As a part of my internship with the Criminal Justice Fellowship Programme, Tata Institute of Social Science (TISS) (currently working on socio-legal aid service for under-trial prisoners in Bihar), I got the opportunity to visit certain jails including the Central Prison. My mentor, Praveen Kumar, who is a Criminal Justice Fellow and has been granted standing permission to visit prisons in Bihar by the Chief Justice of Patna High Court, guided me. As a typical nascent learner, I was excited but I portrayed a gloomy image as a result of the negative connotations attached to prisons.
Honestly, I was expecting to come across jailors and policemen in a ferocious and vicious avatar, hardcore and notorious criminals like Gabbar Singh, and restricted liberty. As soon as I entered the prison, the first thing that flashed through my mind was Ramadhir Singh’s dialogue from Gangs of Wasseypur – ‘Jab tak iss desh me sanima hai, log chutiya bante rhenge’ (Until Cinema/Bollywood Exist In This Country, People Will Continue getting fooled). I think anyone who visits a prison will have similar thoughts.
Our first encounter was with the Jail Superintendent who seemed happy to have us understand the workings of a prison. While we were in conversation with him, many prisoners approached him with their issues and not for a second did we feel that ‘power dynamics’ were being used and instead, a remedy was provided on the spot.
He briefed us about his ideology of reformative rather than retributive treatment. After a brief discussion with him, we were assigned a sub-inspector who accompanied us to the main prison. I was surprised to see the cleanliness that was maintained by the prisoners which went against my perception of what prison would look like.
We were first taken to the bread and oil manufacturing units which were maintained by the prisoners and I observed the prevailing self-sufficiency there. We were acquainted with the fact that the manufactured goods are transferred to other jails and vice-versa, hence self-sufficiency is achieved. They familiarised us with the complete process of bread manufacturing and I was impressed to see the hygiene maintained throughout the process. We then proceeded to the canteen which was also maintained by prisoners and was by no means less than the shops we visit outside prison.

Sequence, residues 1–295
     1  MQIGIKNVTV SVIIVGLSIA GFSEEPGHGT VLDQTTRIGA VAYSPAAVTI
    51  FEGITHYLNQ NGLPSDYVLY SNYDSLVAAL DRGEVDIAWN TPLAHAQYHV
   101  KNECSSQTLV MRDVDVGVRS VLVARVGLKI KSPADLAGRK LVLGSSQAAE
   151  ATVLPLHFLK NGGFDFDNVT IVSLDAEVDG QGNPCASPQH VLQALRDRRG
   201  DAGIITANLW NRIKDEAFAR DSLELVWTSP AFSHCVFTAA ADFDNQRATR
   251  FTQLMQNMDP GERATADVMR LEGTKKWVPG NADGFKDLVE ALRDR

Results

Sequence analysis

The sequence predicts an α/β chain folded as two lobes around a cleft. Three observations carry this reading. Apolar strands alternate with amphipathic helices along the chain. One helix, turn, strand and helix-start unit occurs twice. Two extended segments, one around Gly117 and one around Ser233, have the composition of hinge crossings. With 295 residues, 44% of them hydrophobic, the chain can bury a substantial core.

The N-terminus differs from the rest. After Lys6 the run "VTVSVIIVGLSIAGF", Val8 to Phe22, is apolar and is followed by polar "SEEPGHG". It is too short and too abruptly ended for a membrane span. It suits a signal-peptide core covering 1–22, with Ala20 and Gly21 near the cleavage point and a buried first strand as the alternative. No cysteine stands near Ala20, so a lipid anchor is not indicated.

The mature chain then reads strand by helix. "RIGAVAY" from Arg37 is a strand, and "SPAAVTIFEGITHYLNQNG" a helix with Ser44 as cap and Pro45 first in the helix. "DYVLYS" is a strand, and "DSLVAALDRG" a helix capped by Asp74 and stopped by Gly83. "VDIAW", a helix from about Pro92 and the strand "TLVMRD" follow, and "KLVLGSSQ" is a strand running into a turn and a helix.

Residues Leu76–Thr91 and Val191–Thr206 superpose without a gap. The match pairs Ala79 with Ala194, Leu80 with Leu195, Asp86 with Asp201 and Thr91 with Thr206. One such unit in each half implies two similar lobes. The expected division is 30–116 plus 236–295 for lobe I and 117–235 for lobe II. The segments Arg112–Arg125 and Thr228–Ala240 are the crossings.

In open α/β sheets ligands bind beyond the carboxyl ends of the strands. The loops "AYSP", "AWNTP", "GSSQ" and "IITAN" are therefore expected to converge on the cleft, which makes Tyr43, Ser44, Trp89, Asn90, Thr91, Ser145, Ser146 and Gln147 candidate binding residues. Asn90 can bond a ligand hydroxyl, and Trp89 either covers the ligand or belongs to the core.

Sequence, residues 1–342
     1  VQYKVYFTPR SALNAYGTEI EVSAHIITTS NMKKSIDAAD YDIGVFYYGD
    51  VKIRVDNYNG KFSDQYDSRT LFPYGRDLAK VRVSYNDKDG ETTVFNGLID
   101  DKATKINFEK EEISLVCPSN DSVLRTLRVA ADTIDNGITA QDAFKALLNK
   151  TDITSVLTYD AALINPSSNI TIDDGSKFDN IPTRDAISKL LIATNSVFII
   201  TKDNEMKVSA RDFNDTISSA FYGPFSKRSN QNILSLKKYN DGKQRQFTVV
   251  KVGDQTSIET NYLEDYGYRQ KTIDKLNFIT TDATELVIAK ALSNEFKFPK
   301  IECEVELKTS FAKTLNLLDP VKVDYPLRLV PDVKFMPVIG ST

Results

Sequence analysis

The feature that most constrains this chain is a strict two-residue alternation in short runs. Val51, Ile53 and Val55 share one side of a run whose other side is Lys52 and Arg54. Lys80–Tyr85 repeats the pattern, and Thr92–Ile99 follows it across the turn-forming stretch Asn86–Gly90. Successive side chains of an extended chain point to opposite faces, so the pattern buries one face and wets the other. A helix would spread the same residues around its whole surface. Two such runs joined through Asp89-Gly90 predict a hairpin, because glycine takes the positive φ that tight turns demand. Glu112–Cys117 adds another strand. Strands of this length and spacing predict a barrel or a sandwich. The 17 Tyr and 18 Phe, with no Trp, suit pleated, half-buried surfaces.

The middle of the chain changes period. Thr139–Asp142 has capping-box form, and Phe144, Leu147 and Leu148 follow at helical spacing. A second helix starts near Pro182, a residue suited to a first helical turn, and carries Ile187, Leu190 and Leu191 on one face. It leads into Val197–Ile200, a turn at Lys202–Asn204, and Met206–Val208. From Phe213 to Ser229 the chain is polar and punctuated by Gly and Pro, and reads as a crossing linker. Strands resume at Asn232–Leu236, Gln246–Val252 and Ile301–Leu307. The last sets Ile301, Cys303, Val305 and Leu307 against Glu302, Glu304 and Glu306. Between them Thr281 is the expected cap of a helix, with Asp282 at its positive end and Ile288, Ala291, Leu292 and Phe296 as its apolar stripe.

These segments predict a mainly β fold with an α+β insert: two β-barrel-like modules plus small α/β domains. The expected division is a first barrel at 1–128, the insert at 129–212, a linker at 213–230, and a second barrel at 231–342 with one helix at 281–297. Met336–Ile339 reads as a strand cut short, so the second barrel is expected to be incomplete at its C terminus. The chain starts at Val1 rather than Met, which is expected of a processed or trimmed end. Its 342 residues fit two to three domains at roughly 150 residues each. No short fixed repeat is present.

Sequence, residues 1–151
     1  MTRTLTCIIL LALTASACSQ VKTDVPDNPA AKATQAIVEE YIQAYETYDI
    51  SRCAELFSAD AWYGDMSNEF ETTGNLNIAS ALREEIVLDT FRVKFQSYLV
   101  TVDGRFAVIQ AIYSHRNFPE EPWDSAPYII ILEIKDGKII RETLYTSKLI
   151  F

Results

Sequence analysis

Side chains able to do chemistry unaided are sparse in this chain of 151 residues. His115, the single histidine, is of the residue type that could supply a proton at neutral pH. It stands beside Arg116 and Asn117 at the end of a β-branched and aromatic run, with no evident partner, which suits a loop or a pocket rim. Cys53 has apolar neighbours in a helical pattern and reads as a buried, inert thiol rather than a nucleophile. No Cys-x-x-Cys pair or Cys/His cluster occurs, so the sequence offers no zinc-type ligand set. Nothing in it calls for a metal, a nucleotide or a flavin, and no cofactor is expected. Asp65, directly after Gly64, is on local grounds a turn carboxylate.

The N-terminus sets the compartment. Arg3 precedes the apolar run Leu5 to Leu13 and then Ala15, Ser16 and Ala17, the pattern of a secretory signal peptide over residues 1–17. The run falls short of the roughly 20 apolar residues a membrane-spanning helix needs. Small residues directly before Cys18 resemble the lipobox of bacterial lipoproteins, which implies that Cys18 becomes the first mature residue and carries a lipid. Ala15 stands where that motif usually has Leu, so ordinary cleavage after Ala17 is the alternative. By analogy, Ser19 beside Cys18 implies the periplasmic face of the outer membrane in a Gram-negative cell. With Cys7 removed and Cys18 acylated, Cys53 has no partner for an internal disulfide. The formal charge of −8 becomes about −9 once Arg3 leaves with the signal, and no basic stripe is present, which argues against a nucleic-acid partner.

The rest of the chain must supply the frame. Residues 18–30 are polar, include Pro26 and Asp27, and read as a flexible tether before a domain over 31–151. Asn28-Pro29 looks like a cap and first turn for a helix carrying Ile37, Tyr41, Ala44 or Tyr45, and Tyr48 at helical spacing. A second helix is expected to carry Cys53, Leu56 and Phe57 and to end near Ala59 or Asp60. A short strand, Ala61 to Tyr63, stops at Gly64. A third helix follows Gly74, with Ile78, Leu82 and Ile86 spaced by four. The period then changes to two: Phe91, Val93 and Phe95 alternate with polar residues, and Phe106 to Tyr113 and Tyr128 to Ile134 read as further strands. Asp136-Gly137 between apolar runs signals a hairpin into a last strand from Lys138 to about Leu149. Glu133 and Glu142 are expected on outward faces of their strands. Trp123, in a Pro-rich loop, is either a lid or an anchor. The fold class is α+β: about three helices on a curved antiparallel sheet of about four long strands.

The manager who was a convict himself was super excited to tell us about the workings of the canteen and he gave us a detailed description on how they came up with the idea of operating the canteen and how it helped the prisoners. Another thing which impressed me was that the canteen was completely cashless and transactions took place through smart cards. I was surprised to know that they followed this practice even before the cashless economy drive was raised by the government.
Our next halt was the Music room which was visible from a distance and I assumed it to be a normal recreational room. But, just like my other myths, which were shattered, the ambience, instruments, and paintings left me speechless and were far better than what anyone could expect from a prison. We met a few under-trials who had arranged a programme for us and the breathtaking performances given by the singers, the drummer, the piano guy and others kept us on the edge of our seats and what was supposed to be a 15 minute stop, went on for hours.
It was a superb experience to witness some real talent in the era of nonsense ‘tik-tok’ sensations becoming stars overnight. After the performance, we exchanged a few words with them and the singer told us that he made it to Top-50 of the Indian Idol in 2010, while the drummer was a renowned figure in orchestras in Bihar. They told us that all the instruments and facilities were provided by the jail administration and that their needs were taken care of and the jail superintendent was very cooperative. This invoked a thought; why isn’t this talent being utilised?
Is it justified to let such talents decay by labelling them as criminals and prisoners? With this idea in my mind, we visited the prison gym and I have no shame in admitting that it would give tough competition to the gym we have back in our college. The library and computer facility for those who wish to continue their academics was also commendable. We were informed that the success rate of the Asst. Engineer examination under the skill development programme was 100%! Though I wanted to explore more, the sun was about to set and as per prison rules, we had to leave.
Overall, my experience was an eye-opener, it helped me to break stereotypes and changed my perception inside out. I would suggest that budding lawyers from different law colleges should visit prisons and develop their own sense of understanding instead of relying on hearsay.
I was happy that my perception of the prison was proven blatantly wrong. I think we need to introduce the facility of open jails for such prisoners who have immense talent as we shift towards the reformative paradigm. The prisoners expressed similar feelings and admitted that while they are being punished for the wrongs committed by them, they should be given the opportunity to get back on track and become better human beings again. The jail administration provided facilities to the best of their abilities and I believe it is now up to the government to further improve facilities. Also, society needs to stop labelling these deviants as criminals for the rest of their lives.